Headline Sep 28, 2015/ ''' FREEBIES AND SAMFIES '''


CONVENTIONAL WISDOM says technology is fostering more of a financial struggle for the middle-class.

A recent Economic Policy Institute study in America shows that real annual wages for all but the top 10%  of society have grown only  15%  since 1979. That's almost no growth.

If the value of what we get for each dollar spent hasn't changed much in all that time, life today would be no better than  35 years ago.

Mike Maples, a partner at tech investment firm  Floodgate, so recently enumerated,  -all the while protesting the conventional wisdom. ''The frames of reference  are wrong,'' he said. ''I mean, just look at all the products that you used to buy separately that are now collapsed into your smartphone for free.''

Was Maples being flip? Or can the smartphone tell us something about our standard of living today compared with the days before the computers and software spread into every pucker on the planet? 

The topic seems worth exploring.

First of all, just take the phone   -a device for talking to other people. A smartphone costs about $200 to buy and maybe $100 a month  -$1200 a year  -for local and long distance calls, plus a data plan and a voice mail.

In 1979, a touch-tone-phone bolted to the kitchen wall cost less to buy, but local calling service by itself cost $325 a year, or $ 1,068 in 2015 dollars  -nearly the same as cell service today.

In 1979, AT&T also charged exorbitant per minute rates for long distance calls. So you could either choose not to call your mother in another state or pay hundreds more dollars per year for the privilege.

International calls cost $ 1.34 per minute in 1979 [$4.40 in today's dollars], and they're now essentially free on Skype. Although in 1979, globalization hadn't in yet, so most people didn't know anybody in another country.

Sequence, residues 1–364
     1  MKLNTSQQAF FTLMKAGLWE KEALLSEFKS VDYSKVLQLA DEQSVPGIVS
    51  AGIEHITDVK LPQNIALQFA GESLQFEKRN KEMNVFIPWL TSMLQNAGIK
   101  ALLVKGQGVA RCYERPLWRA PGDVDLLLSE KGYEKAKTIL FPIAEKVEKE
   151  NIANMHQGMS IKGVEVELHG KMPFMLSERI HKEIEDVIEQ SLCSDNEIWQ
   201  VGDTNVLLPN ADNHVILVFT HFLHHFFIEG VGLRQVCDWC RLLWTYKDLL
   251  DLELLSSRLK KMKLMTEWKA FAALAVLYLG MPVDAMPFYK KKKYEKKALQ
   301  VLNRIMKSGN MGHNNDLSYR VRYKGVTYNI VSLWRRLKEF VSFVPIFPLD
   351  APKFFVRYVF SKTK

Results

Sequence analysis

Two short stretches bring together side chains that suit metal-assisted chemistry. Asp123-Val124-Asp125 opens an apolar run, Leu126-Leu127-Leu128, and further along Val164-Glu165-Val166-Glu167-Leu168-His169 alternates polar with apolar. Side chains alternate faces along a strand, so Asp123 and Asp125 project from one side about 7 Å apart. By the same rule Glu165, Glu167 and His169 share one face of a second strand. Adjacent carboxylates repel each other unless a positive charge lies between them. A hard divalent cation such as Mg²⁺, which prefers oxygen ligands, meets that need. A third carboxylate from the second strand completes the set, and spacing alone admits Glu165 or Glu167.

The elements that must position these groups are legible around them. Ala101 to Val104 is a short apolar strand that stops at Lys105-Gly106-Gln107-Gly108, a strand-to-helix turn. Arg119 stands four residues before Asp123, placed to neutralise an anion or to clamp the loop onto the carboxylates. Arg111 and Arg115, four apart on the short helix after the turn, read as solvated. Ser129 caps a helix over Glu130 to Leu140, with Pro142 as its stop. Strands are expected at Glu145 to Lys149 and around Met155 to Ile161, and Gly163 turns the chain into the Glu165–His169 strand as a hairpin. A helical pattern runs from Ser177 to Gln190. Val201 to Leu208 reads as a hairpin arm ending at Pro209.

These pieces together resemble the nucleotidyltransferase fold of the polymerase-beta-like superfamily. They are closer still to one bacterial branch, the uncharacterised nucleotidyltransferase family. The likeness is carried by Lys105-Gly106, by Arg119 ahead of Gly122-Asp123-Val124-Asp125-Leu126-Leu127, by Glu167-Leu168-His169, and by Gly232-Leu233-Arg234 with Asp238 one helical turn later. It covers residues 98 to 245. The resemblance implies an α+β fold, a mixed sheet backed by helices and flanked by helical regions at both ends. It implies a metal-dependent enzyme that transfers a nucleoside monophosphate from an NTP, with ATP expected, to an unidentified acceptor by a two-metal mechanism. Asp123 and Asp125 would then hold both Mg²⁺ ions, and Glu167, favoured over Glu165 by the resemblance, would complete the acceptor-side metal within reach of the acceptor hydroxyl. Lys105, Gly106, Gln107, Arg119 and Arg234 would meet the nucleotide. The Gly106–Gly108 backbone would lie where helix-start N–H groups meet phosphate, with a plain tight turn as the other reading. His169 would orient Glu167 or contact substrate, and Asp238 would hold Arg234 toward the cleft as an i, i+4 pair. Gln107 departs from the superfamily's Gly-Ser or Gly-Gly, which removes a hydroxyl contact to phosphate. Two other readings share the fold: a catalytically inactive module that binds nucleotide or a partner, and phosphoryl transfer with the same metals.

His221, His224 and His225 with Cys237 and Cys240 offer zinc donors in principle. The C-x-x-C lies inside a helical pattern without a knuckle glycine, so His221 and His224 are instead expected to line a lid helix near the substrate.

If you wanted voice mail in 1979, and answering machine would've run about $125 [$410 today]. Of course, it's free now. Plus in 1979, no one dreamed of of talking by phone to someone while walking down the street.

All phones were wired. You didn't call a person, you called a place. So on voice alone, the smartphone kicks some serious -value-comparison butt.

Add in the most basic apps. My phone has a free calculator. In 1979, a nice adding machine cost $80 ($263 today). My phone has an address book, flashlight and calender. None of these would've cost much in 1979, but they're free now, year after year.

I also have a free weather app that gives me detailed forecasts for any location. In 1979, I remember dialling a number to get only the time and temperature, though that was free too.

How about music? In 1979, to carry portable music, you would've had to buy the first Sony Walkman for $150 [$493 today]. Each album tape cost $9 [$30 now].

Today, a music player on my phone is free, and I can pay $9 a month ($2.75 in 1979 dollars) for  Spotify and listen to almost any album in existence.

It's been a long time since I heard a cassette played on a Walkman through those spongy headphones, but I'm willing to bet it sounded like ass.

In 1979, you could buy a Kodak Pocket Instamatic camera, about the size of a deck of cards, for $28 [$92 now]. Then you'd have to buy film every two dozen photos-

And pay for the film to be processed into crappy little pictures. Now all that is free on smartphone and immeasurably better.
So, economists who say tech is killing middle-class wages aren't accounting for all the cool stuff we don't pay for.

The Honour and Serving of the Economic ''Operational Research'' continues. Thank you for reading and see Ya all on the following one.

With respectful dedication to the Students, Professors and Teachers of technology. See Ya all on !WOW!  -the World Students Society Computers-Internet-Wireless:

''' Samfies & Freebies '''

Good Night and God Bless

SAM Daily Times - the Voice of the Voiceless


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